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Neverwhere

Title: Neverwhere

Author: Neil Gaiman

Synopsis: After saving a young woman bleeding in the street, Richard Mayhew is pulled into a world existing side by side with our own, where everything he knows is wrong and is about to be thrown into greater chaos if he and his new acquaintances can’t figure out who’s after them and what their endgame is.

 

 

 


The Low Down:

My first introduction to Neil Gaiman was Good Omens. I picked it up while in Cambodia and had ample time to read it, as almost every method of transportation we had either broke down at least once, or was so slow that my car sickness didn’t effect me. It was fabulous and so hilarious that I’d burst out laughing randomly and stopped my boyfriend, at the time, and read him pieces of the story. He doesn’t read much fiction and was surprisingly indulgent with these outbursts. He liked what I read him so much that he even read the book after I was done. We left Good Omens with a friend and the name Neil Gaiman slipped into my memory. I rediscovered him while reading an anthology called Rogues edited by George R. R. Martin and Gardner Dozois. I loved his story: How the Marquis got his Coat Back so much. I thought of it constantly and anytime I spoke to someone about the anthology, I always remembered this story more than others. It was only when I was having tea with the same friend who’d suggested the anthology that she mentioned that the main character of the story, the Marquis de Cabaras, was also in a full length novel. I was so excited! I instantly ordered Neverwhere. I tried not to get too excited, I’m somewhat hit and miss with Neil Gaiman but Neverwhere was everything I wanted it to be. It was, in short (I know, too late for that), amazing.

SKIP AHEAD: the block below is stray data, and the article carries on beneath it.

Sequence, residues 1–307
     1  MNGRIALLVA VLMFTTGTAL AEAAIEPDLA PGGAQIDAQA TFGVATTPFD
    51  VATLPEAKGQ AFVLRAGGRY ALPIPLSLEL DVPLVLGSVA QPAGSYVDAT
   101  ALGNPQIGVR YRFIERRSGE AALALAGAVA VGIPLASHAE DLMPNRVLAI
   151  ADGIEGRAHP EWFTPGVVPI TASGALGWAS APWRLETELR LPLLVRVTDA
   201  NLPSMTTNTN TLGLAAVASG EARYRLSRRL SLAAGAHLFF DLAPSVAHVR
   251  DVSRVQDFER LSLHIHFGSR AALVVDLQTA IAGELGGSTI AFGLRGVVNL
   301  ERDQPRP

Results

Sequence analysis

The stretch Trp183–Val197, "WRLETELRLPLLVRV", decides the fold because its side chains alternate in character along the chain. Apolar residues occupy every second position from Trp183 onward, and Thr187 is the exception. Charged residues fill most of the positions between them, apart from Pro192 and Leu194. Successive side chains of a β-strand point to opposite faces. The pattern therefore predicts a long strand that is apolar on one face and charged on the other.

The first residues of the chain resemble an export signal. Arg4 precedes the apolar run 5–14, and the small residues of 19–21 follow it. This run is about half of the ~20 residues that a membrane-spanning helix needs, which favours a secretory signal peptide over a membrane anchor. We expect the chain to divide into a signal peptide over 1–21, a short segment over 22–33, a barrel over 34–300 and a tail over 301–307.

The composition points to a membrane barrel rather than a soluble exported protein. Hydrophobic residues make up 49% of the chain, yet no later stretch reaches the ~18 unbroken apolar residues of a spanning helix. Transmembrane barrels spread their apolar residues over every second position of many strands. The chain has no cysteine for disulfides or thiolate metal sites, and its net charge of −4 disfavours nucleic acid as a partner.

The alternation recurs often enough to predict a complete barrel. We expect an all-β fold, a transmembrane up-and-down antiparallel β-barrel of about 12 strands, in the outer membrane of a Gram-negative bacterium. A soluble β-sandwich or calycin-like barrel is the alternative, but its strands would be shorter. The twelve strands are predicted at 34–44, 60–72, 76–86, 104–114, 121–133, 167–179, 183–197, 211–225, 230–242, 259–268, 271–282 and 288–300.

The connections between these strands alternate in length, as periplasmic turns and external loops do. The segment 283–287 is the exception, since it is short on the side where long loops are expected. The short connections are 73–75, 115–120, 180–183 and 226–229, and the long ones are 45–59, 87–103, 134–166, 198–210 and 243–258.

The story follows Richard Mayhew an average fellow who is quite content with the way his life is all going. That changes when he stands up his fiance’s boss in favor of saving a woman bleeding in the street. This decision catapults him into the world of the London Below where magic is run of the mill, rats are lords, and the Underground stations literally describe areas of city. Richard weaves his way precariously through this new world, surviving due to a mixture of luck and genuine good karma. He hopes to be able to find his way back into existence in London Above and assist Door, the young lady that he selflessly saved at the beginning of the novel. Gaiman not only imbues his characters with unique attributes but successfully spins a mystery that darkly reveals itself as the final chapters unfold. The otherworldly quality and imagery that radiates from the book is, with out a doubt, intense.

My only complaint might be a talent that a main character has and is conveniently revealed in the final chapters of the book. This ties up the plot nicely but I would have preferred if it had been slipped in earlier in the book. Maybe it was and I just happened to have missed it. The story was, at points, confusing. But I believe that’s how it’s meant to be. We’re viewing most of this from Richard’s perspective and he’s confused for most of the book. The London Below was perfectly filthy, grimy, and somewhat alluring. I’d finish a chapter with the urge to wash my hands and then go look down dark alleyways in hopes of seeing de Carabas leaning against a wall waiting for me to hurry up.


Story Tips:

  1. Pull up a map of the London Underground. It adds just a bit more to comprehension of the story and gives you an “Oh yeah!!” enjoyment, every time they mention a new stop.

I need more!

American Gods, Stardust, Anansi Boys, Good Omens, are just a few of Neil Gaiman’s books. There was also a TV show made of Neverwhere in 1996 for the BBC. Side Note: Neverwhere was a TV show first and Neil Gaiman made it a novel because he wanted to include all the bits that weren’t able to make it in the actual show. Of course, if you love de Carabas as much as I do you can check out Rogues which features him.


Add to my library:

UK Amazon:Neverwhere

US Amazon: Neverwhere: Author’s Preferred Text

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